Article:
It’s been a couple of good years for Schroders portfolio managers Simon Webber and James Gautrey. In 2021, the duo won the Envestnet/ThinkAdvisor award in the Global, International category. In 2022, they won for their Hartford Schroders International Stock fund in the Sustainable Category and took home the big trophy, Asset Manager of the Year, beating out nine other management teams.
Gautrey and Webber, who have been co-managing the International Stock Fund since 2014, returned 11.4% in 2021, outpacing the benchmark by 3.6%. Further, they’ve averaged 13% over the past five years, according to Envestnet analysts, who describe the fund as a “large cap international core equity strategy with a growth tilt and a quality bias that consists of 50-70 stocks with dynamic exposure to emerging markets.”
Further, the team “attempts to exploit pricing inefficiencies that are created by the ‘growth gap.’ This is when the market either underestimates the future growth of a company based on short-term thinking … or fails to recognize catalysts that may alter the growth trajectory of a business,” according to Envestnet.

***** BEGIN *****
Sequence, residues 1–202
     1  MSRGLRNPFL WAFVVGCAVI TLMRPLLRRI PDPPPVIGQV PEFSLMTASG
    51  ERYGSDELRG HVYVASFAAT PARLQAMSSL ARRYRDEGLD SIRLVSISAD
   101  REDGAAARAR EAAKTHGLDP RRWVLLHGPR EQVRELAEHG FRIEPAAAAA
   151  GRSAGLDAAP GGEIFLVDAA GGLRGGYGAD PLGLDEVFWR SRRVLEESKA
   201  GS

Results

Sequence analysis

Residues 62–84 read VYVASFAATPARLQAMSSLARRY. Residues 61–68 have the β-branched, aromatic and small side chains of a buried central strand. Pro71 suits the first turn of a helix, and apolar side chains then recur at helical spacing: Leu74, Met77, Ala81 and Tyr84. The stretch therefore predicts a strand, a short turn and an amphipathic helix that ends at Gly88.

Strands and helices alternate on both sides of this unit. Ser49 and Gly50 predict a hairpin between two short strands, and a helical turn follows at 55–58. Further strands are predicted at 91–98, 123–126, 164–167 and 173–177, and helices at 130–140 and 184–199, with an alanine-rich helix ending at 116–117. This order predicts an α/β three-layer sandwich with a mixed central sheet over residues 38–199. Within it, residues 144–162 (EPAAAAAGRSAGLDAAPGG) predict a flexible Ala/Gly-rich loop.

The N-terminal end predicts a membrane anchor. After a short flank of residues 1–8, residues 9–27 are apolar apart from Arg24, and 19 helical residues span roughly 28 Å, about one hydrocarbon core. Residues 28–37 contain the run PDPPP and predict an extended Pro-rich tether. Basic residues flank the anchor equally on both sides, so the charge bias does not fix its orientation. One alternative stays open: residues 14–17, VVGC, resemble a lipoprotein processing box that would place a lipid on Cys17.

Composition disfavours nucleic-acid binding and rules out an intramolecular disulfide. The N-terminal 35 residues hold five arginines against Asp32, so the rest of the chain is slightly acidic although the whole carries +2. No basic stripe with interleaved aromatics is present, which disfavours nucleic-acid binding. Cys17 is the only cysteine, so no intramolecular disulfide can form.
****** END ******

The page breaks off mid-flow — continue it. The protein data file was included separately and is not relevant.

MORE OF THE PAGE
ESG is integrated into their process, Webber said, noting they don’t exclude sectors, such as energy. “[Some thought] the fossil fuel sector was un-investable, but actually, there is a critical transition to be made towards less emission in terms of energy sources. And those companies can have a significant role to play in the transition and in building the new energy infrastructure,” Webber said.
Energy was one area where they saw an “opportunistic growth gap” as the sector recovered. This growth gap takes advantage of when the market overreacts in the short term, Gautrey explained. “Markets are uncomfortable thinking in six to 12 months. … People look at the last data point and assume that it is the new direction forever. And share prices tend to overreact dramatically.”
They focus on balance sheet strength and “look through the valley to the other side,” he said This typically is in the opportunistic trades, but could be in core as well.
“[In 2021] people were beginning to worry about … inflation returning, tighter monetary policy leading to higher real interest rates and what that meant for valuation, and particularly the shape of the market with respect to value verses growth,” Gautrey explained.